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Progressive alliances and the missing Lib Dems

Richard Douglas

23 June 2017

The 2017 general election produced an unexpected swing to Labour.  Beginning the campaign 17 percentage points behind the Conservatives, Jeremy Corbyn led a comeback which saw Labour finish on 40 per cent – easily Labour’s best result, in terms of share of the popular vote, since 2001.  And yet Labour still lost, and in terms of seats – where it matters – on a scale comparable to 2010.  To win a majority at the next election Labour will need to change the minds of numbers of people who have just voted Tory.  The risk is that an explicit targeting of such voters may disrupt the very emotional connection which Labour has just managed to forge with its base.

But is there a need to take such a risk, with all its worn out trappings of Third Way triangulation?  No, suggest proponents of the Progressive Alliance – the idea that, through tactical voting and electoral pacts, parties of the left can come together and win a majority.  At the recent election Compass hastily organised a series of barnstorming campaign events for those they identified as the local Progressive Alliance candidate, while the Greens stood aside in a number of seats.  Clive Lewis and Caroline Lucas have claimed that if this strategy had been carried out fully, Jeremy Corbyn would now be prime minister with a majority of 100.

There is certainly much to commend in cross-party communication and tactical voting.  But the Lewis & Lucas thesis – essentially, “One More Heave for the Progressive Alliance” – contains a good deal of wishful thinking.  The version of the Progressive Alliance in common currency, that promoted by Compass, needs more thought.

Compass’s Progressive Alliance

While billed as an anti-Conservative alliance, Compass’s Progressive Alliance is primarily an anti-Labour alliance from the left – anti-New Labour certainly, but anti-Old Labour as well, for that matter: anti-attempts to appeal beyond a liberal-left base, whether towards politically centrist or socially conservative voters.  Jeremy Gilbert, setting out Compass’s case for Labour’s participation in a Progressive Alliance, is explicit about this: Labour must only be a party for those “who aspire to a genuine transformation of the unequal and oppressive social relations which define our society”; and it “cannot be this and also be the party of Middle England, and also the party of working class social conservatism, and all of the other things which various pundits would like Labour to be.”  Even if this were the path back to government, Gilbert is clear it must be rejected anyway: New Labour was “disastrous for the party and the country.”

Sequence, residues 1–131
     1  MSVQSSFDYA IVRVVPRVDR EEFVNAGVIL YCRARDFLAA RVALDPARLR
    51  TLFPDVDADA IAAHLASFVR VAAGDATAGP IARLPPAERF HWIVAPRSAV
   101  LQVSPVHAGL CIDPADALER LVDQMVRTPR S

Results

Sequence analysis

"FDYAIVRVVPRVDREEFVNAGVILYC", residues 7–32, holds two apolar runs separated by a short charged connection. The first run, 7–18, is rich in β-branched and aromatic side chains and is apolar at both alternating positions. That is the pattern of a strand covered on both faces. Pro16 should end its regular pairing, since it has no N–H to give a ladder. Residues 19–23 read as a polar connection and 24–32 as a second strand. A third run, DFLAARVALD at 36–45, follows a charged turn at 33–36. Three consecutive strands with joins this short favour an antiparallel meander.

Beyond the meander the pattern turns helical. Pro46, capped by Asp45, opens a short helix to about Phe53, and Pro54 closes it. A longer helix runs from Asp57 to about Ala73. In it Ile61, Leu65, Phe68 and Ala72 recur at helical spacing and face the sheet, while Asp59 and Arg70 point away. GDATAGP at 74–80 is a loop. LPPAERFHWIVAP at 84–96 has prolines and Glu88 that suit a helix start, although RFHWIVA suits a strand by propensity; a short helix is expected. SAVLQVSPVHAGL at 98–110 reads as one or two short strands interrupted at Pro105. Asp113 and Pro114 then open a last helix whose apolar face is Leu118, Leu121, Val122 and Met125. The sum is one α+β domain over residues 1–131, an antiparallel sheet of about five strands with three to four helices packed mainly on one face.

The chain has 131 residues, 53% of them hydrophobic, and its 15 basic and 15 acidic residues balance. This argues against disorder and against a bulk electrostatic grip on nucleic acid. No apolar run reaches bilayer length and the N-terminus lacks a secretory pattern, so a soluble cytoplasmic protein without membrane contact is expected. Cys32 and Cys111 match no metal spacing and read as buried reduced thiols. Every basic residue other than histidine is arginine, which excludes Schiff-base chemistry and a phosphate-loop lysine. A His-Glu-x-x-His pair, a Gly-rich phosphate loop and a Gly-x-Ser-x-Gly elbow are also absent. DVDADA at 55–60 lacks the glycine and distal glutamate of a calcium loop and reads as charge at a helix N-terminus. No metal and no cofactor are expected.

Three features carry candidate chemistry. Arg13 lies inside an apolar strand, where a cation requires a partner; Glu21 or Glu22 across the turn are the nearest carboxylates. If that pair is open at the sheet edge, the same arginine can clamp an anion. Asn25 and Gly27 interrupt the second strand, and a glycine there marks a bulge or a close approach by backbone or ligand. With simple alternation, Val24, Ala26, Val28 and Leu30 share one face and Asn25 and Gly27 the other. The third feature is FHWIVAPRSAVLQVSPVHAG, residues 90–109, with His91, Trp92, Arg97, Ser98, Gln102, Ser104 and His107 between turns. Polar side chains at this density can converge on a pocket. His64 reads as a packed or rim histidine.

This Progressive Alliance, in other words, is all about gluing together the liberal-left vote – in practice aggregating Labour voters with those anti-Tories who would not otherwise, for whatever reasons, vote Labour.  But while further organisation of tactical voting in this respect may be useful at the margins, Corbyn’s general election campaign already did much of this job itself – hence reports of Labour’s “gobbling up the Green vote like Pac-Man”.